Will South Dakota officially become the newest anti-transgender, together with Virginia and other states? She is already on the list of The 12 Most Anti-LGBT States. Last month, S. Dakota’s Republicans submitted their resolution concerning Bill 1008, an anti-transgender bill that would ban the use of bathrooms, locker rooms, and other group places by transgender students.

The Republican argument is that this decision is the best for all “other” kids. Republican National Committee said that if this bill becomes a law (it would be first of its kind), transgender students will have to ask their schools to find a solution, that is, to allow them access to separate restrooms, since they would refuse to use the bathrooms corresponding to their biological gender.

Governor Dennis Daugaard is the one who will decide whether the state will approve the Bill 1008 restrictions for the vulnerable group. He has already been contacted by many LGBT organizations, individuals, and civil rights movements to veto the bill which already passed in the state House. His response to their call is ambiguous (or call it, diplomatic), since he said that he’s never met a transgender person before, but he also said that meeting with LGBT rights activists helped him understand some things. His claim is also refuted by Kendra Heathscott, transgender activist and member of Center for Equality. She wrote a letter in which she reminds the Governor of their meeting at the CHS (Children’s Home Society).

Anti-transgender bill causes controversy

The anti-transgender bill not only puts the Governor in middle, but many other people, because it is a sensitive subject related to important issues:religious freedom, state vs. federal law, Democrats vs. Republicans,discrimination, and bullying, students’ privacy rights versus the rights of the transgender community.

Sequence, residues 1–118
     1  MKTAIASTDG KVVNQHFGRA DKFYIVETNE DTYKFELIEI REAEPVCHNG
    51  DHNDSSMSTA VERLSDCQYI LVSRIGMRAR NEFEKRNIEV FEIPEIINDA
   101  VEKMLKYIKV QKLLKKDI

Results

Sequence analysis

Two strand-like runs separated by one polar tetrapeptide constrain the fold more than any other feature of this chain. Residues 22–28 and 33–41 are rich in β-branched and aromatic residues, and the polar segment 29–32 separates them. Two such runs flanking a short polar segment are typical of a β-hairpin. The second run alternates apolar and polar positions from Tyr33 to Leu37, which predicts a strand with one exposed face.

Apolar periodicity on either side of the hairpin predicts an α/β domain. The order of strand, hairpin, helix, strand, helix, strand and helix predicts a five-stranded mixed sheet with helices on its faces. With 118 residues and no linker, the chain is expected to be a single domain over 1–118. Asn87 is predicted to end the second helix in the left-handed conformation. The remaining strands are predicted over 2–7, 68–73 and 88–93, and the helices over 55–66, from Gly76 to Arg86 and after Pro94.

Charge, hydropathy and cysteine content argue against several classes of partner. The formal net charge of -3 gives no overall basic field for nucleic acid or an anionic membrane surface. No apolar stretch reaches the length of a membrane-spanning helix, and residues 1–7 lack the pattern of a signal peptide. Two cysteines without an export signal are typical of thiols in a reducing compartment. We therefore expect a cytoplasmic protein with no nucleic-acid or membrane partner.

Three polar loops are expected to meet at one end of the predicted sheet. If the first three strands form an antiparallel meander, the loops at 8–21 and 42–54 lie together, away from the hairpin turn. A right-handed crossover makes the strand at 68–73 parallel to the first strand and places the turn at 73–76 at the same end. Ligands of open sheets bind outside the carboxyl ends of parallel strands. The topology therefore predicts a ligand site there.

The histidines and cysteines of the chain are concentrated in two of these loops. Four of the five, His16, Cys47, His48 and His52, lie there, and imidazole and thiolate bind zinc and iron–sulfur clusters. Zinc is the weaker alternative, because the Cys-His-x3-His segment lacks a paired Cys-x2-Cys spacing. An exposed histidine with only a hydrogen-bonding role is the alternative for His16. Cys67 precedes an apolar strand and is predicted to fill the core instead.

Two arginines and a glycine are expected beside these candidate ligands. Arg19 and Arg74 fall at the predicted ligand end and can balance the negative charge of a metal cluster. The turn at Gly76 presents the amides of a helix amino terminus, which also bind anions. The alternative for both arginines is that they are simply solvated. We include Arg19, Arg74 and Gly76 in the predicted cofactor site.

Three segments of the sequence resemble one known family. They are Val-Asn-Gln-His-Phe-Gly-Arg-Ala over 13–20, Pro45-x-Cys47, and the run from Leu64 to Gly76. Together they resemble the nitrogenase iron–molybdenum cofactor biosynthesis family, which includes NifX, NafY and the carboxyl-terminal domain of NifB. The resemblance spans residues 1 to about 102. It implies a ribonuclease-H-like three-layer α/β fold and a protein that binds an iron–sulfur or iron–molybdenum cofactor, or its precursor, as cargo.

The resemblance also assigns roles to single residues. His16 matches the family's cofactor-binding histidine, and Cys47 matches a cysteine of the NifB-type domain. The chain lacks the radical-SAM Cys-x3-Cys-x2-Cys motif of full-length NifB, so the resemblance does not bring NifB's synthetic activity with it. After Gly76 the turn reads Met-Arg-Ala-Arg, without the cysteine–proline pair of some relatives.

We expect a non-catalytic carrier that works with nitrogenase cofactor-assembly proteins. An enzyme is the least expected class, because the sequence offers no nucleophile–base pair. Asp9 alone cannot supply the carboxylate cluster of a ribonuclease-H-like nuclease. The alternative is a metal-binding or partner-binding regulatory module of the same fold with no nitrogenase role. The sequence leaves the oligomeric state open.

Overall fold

On religious freedom, conservative Christians comment that they are against transgender students using the same restrooms their children use, because none of their kids would feel comfortable and safe around them. This statement entails a new problem: the possibility for discrimination and bullying -- transgender kids would be exposed to public embarrassment, ridicule, and harassment, just like other minority groups havealreadybeen exposed to controversial opinions by the Republicans.

This issue especially comes to light with the collision between state and federal law. The National Center for Gender Equality and the LGBT activists rely on Title IX, a federal law that prohibits discrimination of rights based on sex, and which has been extended by the Education Department to prohibition of discrimination based on gender identity. On the other hand, the Republican National Committee in its resolution claims that this interpretation of Title IX “is not legally binding.”

Regarding students’ privacy, opinions on the proposed bill have risen publicly, emphasizing the fact that straight students have rights to move freely and safely (a girl wouldn’t feel comfortable if a person with male genitalia enters the restroom).

This bill will take its final form on the 1st of March when Gov. Dennis Daugaard will decide whether to sign it, or veto it.

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